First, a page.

Global Markets Outlook 2014
2013 was a year of contrasts, with strong performance in equities balanced against relative weakness in bonds.
But what lies ahead for the economy and the markets as we enter 2014?
We see favorable developments in equity markets, including an acceleration of the U.S. economic recovery, resurgence in Europe, growth and reform in Japan, as well as viable investment themes in emerging markets. On the other hand, our views on global fixed income bond markets are more guarded.
So what does this mean for you?
In an investment climate like the one we expect to see in 2014, having a disciplined, prudent investment approach becomes more critical than ever. Investors will need to be realistic in their return expectations, while our investment managers will need to be highly conscious of the potential risk/return trade-offs in the decisions they make.
We are here to help you do your homework.
Read, watch, and listen to the insights of several of our senior investment professionals as they provide a more in-depth look at key asset classes and sectors.
WILL REFORM = GROWTH?
- While growth continues to be driven by a small group of core countries, we expect even the most beleaguered markets to emerge from recession by the end of this year.
- Unemployment rates remain stable, but the patchy and concentrated recovery will create few jobs.
- Investment remains a weak spot. In particular, bank lending remains limited as these institutions shrink their balance sheets to boost capital. At the same time, new infrastructure spending is constrained due to high budget deficits.
- Inflation is expected to remain low in the midst of a weak recovery.
- We expect the European Central Bank (ECB) to remain accommodative for the foreseeable future. It surprised the markets with a rate cut in November 2013 but is unlikely to take further action in the near term. It may, however, seek to strengthen forward guidance. A further round of long-term refinancing operations is possible in 2014 to counter falling bank reserves.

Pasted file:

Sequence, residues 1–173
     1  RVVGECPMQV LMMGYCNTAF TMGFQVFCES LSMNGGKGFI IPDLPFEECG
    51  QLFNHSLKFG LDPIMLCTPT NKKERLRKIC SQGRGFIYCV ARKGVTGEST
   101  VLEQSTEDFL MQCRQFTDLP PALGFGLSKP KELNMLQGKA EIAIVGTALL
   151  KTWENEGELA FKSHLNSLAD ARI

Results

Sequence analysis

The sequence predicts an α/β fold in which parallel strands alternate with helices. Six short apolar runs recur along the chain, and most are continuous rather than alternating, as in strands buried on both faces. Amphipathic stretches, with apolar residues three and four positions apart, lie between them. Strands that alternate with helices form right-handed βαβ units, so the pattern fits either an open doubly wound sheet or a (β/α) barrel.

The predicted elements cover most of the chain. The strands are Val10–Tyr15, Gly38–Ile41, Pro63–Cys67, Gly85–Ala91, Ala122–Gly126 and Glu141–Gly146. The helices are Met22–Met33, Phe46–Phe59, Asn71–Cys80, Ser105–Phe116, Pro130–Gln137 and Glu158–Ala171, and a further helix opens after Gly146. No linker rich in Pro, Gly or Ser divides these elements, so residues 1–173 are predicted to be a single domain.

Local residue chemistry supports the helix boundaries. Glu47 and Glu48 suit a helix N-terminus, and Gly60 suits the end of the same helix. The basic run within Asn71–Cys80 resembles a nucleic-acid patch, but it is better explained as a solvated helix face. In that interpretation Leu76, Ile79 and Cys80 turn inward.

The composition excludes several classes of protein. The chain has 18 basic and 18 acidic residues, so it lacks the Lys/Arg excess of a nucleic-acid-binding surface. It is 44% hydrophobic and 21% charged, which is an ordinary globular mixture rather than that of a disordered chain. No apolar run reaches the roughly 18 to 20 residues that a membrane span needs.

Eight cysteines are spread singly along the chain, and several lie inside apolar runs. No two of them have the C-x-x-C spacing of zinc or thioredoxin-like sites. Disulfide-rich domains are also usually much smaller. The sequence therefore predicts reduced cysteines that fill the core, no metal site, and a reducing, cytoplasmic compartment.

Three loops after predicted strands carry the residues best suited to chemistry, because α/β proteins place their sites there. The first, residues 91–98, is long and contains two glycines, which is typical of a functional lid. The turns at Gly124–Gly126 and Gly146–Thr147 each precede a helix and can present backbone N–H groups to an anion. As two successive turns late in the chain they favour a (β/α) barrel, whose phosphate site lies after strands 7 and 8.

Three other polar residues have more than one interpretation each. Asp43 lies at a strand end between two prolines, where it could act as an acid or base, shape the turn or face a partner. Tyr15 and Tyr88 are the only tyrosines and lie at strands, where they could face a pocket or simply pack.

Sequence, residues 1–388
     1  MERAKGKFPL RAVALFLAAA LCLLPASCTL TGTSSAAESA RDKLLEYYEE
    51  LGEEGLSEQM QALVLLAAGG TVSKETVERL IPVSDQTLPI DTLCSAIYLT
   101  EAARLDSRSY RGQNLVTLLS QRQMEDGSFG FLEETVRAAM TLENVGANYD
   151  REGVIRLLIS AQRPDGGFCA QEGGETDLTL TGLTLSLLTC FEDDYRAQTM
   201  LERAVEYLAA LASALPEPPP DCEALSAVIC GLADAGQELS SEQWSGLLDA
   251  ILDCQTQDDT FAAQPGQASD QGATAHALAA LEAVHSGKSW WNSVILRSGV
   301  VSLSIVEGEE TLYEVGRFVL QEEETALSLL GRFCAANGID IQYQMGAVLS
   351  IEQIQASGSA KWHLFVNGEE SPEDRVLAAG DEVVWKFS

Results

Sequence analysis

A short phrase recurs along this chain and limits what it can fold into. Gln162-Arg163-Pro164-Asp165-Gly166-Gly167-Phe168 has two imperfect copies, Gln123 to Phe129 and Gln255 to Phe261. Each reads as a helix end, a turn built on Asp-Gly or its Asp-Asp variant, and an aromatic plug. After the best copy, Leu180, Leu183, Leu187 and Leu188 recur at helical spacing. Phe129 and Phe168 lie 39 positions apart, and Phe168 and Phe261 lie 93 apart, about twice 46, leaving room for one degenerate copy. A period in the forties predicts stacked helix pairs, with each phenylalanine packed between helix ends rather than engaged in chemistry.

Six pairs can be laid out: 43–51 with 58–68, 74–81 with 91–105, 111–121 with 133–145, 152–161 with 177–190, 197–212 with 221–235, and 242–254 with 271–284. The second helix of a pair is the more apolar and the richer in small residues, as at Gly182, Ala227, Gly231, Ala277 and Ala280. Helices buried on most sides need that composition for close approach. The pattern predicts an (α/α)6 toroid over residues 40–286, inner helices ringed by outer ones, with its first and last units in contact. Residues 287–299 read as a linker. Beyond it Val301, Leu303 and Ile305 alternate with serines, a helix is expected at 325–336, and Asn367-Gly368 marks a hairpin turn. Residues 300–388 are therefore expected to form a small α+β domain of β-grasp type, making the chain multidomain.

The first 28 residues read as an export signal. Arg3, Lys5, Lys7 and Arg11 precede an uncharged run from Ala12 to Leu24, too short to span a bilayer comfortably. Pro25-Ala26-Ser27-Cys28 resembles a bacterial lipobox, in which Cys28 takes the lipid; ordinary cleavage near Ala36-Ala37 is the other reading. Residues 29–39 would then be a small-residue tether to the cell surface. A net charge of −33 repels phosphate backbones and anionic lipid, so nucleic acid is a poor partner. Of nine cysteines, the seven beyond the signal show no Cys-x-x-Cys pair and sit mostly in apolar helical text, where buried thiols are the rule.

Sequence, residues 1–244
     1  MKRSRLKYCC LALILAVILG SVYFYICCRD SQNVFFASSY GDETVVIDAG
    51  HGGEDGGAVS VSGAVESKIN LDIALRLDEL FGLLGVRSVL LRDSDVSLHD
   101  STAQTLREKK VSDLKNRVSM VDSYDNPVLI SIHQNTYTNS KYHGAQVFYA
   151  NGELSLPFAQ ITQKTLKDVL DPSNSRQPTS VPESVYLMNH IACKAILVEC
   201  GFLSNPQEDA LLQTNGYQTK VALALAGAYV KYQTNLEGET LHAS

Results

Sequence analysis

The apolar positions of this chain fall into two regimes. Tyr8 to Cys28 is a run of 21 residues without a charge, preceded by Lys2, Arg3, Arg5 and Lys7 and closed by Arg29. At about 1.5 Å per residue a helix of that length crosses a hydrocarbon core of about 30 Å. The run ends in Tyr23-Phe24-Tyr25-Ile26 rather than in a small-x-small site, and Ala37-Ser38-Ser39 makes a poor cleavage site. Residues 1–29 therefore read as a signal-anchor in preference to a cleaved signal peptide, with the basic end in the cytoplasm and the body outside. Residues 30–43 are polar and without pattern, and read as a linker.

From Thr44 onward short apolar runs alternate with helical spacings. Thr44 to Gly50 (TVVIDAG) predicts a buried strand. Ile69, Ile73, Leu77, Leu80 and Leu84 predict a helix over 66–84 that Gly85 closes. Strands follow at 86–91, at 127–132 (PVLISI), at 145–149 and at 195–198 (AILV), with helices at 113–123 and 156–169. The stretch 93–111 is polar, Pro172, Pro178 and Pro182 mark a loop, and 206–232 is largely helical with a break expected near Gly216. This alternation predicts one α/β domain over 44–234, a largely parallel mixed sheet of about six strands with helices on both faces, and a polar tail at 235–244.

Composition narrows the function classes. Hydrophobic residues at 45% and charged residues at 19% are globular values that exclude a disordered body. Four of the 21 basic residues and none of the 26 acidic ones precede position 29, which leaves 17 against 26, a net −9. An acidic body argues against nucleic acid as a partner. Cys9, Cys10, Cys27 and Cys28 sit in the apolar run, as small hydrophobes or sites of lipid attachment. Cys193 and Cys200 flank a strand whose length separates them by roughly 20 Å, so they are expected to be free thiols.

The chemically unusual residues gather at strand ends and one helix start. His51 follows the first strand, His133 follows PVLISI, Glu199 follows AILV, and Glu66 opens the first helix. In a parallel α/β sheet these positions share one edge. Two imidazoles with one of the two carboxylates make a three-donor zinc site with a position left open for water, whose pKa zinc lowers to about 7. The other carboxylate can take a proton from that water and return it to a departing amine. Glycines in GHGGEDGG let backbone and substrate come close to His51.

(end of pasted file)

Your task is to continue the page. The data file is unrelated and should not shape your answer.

CONSUMERS ARE SPENDING
- It is clear that confidence is returning gradually to the regional market, and this should feed consumer spending. In fact, we are already seeing better retail sales data.
EYE ON BANKING REFORM
- The ECB is embarking on its comprehensive assessment of the major eurozone banks and will become the sole regulator of these institutions in 2014. This process includes an asset quality review and stress test, which should provide the ECB with an opportunity to address weaknesses in the European banking system.
CHANGING THE COURSE OF JAPAN'S DEFLATIONARY MINDSET
- Economic data continue to be largely positive, as short-term fiscal stimulus and monetary easing by the Bank of Japan boosted growth. We expect further monetary easing in 2014.
- Inflation is expected to accelerate over the coming months on the back of rising electricity and food prices. However, we believe the Bank of Japan is still significantly more optimistic about its inflation goal than the markets. In our view, the 2% inflation target is unrealistic, unless the bank expands the scope of its asset purchases to include riskier assets, such as real estate. We expect wage inflation in 2014 as more Japanese firms announce and commit to wage increases.
THE FEEL-GOOD FACTOR
- Prime Minister Abe should be able to take advantage of his unprecedented approval rating and Japan's feel-good factor from winning the Olympic bid to push through his reforms.
PROPOSED SALES TAX
- The planned increase in the sales tax could provide a drag on the economy, though a recovery in exports should help cushion the impact.
SIGNS OF A POSITIVE DOMESTIC ECONOMY
- Economic data suggest that Japan is moving in the right direction. To believe in a long-lasting recovery, domestic consumption has to be a significant driver of incremental demand.
- Price gains from the recent rally have already provided a wealth effect, which should underpin consumer spending.
- The market rally over the last year is evidence of foreign investor interest. The next step is convincing investors, who have been disappointed by Japan's history of failed policy initiatives and typically short market spikes, that the current environment can be sustained.
- To some extent, lasting market gains will depend on greater Japanese domestic participation and interest from long-term investors overseas. Such sticky investments would be a positive for the markets over the long run.
JOBS + HOUSES = A WINNING COMBO
- Fiscal headwinds likely peaked in the fourth quarter, and signs point to faster housing starts and business fixed investment in the months ahead. We expect the pace of growth to quicken and accelerate a bit further over the course of 2014.